United Nations, New York, N.Y.
28th June 2019

Madam Chair,

Distinguished Members of the Special Committee,

We acknowledge with appreciation the progressive recognition by the General Assembly of the "inalienable right of the people of French Polynesia to the ownership, control and disposal of their natural resources, including marine resources and undersea minerals" beginning with Resolution 71/120 of 6 December 2016, and most recently by Resolution
(73/112) of 7 December 2018 which "urges the administering Power to ensure this permanent sovereignty pursuant to relevant resolutions of the General Assembly.

In this connection, it is to be noted that the annual resolution on the Implementation of the Decolonization Declaration applicable to all territories including Ma’ohi-Nui/French Polynesia consistently "urges the administering Powers to take effective measures to safeguard and guarantee the inalienable rights of the peoples of the Non Self-Governing Territories to their natural resources, and to establish and maintain control over the future development of those resources...".

The willful absence of the administering Power in participating in the work of this committee on the "Question of Ma’ohi-Nui/French Polynesia," in violation of the U.N. Charter, precludes the opportunity to assess their level of compliance with international law - or lack thereof - that clearly confirms that the ownership of these resources lies with the people of the territories.

Despite this clear "rule of law on natural resources," we continue to advise that the administering Power has kept full control and sovereignty over our natural resources in violation of international law.

These violations of the administering Power were examined in depth in the 2019 report “Enduring Colonization: How France’s Continuing Control of French Polynesian ResourcesViolates the International Law of Self-Determination,published by Blue Ocean Law, the Pacific Network on Globalisation, and the International Justice and Human Rights Clinic at Allard Law School, University of British Columbia.

Some of the key findings of the analysis are particularly poignant:

● France’s continued control over and interference with the islands’ resources

works to disenfranchise the people of Ma’ohi-Nui/French Polynesia, violating their fundamental right to self-determination, particularly their right to freely determine their own economic, social, and cultural development.

● In its recent efforts to develop seabed mining programs in the region, France continually asserts sovereignty over Ma’ohi-Nui waters. At the same time, it has failed to consult
with – let alone obtain the consent of – indigenous, coastal, and local communities within Ma’ohi-Nui/French Polynesia, who are most likely to be affected by this new extractive activity.

● The failure to clean up or otherwise remedy damage done by France’s 30 year nuclear testing program in the islands constitutes another violation of Ma’ohi-Nui people’s right to benefit from their natural resources and to chart a course of economic development of their own design. Existing military installations and contaminated atolls continue to affect terrestrial and marine resources and contribute to ongoing food insecurity, in addition to debilitating health and environmental impacts.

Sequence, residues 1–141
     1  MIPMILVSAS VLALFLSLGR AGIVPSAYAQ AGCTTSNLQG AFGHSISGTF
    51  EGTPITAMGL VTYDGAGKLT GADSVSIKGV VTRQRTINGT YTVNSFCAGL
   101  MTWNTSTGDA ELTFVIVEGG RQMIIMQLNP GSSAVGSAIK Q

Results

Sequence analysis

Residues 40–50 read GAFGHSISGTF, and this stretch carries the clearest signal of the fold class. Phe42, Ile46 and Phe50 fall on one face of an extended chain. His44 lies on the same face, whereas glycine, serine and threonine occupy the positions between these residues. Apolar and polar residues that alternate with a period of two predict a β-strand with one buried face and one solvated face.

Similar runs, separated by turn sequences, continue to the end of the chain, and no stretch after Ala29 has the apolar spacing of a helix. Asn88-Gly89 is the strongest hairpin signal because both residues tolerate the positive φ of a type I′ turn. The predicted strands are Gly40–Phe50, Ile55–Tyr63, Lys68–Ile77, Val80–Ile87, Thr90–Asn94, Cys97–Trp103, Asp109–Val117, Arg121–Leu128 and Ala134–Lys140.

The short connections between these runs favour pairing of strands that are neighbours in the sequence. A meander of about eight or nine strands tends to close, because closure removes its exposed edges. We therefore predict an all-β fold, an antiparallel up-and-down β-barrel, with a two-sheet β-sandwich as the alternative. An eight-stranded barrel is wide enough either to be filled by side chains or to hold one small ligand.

● Self-determination standards oblige a much greater devolution of powers from France to Ma’ohi-Nui/French Polynesia and the strict non-alienation of Ma’ohi-Nui people
from their natural resources.

Thank You, Madam Chair.



The Board of Directors at the Saint Lucia Tourism Authority (SLTA) has appointed Mrs. Beverly Nicholson-Doty as the organisation’s Chief Executive Officer (CEO). Mrs. Nicholson-Doty has over three decades of industry leadership experience, including most recently serving as Commissioner of Tourism at the USVI Department of Tourism from 2007 to 2018. She brings significant experience in marketing, sales and strategic planning in Caribbean travel, tourism and hospitality. Mrs. Nicholson-Doty has developed deep relationships with executives across the airline, cruise, hotel and service industries that serve the region, and has created partnership opportunities that include public, private, non-profit, non-governmental and community-based entities.

Mrs. Nicholson Doty’s achievements include the successful development of the Ports of the Virgin Islands concept to brand and develop a collaborative effort to elevate the territory’s port facilities, and the creation of a strategic plan for positioning the USVI as one of the top destinations for the Meetings and Incentives (MICE) market. She was also instrumental in engineering double-digit airline capacity growth over a 10-year period.

The CEO will be responsible for overall management of the Saint Lucia Tourism Authority, including oversight of the development of the Authority’s marketing and destination services, and general administration. She intends to work closely with agencies, institutions and individuals within the public and private sectors of Saint Lucia at home and abroad.

“We welcome Mrs. Nicholson-Doty to the organisation and look forward to the strategic leadership that she will provide implementing and developing our sustainable tourism growth strategy,” said Nicholas John, Chairman of the Board at the Saint Lucia Tourism Authority.

In addition, as CEO, Mrs. Nicholson-Doty will work closely with the Board of Directors to achieve overall objectives, including coordinating and directing the programmes of the Board. In marketing, promotions and publicity, she will be tasked to utilize and deploy resources in the best interest of the development of tourism to Saint Lucia.

I look forward to this opportunity. Our team at the Saint Lucia Tourism Authority will be focused on developing and implementing a strong strategic plan aimed at increasing market share, and even more importantly, increasing visitor spend for maximum return on investment,” said Mrs. Nicholson Doty.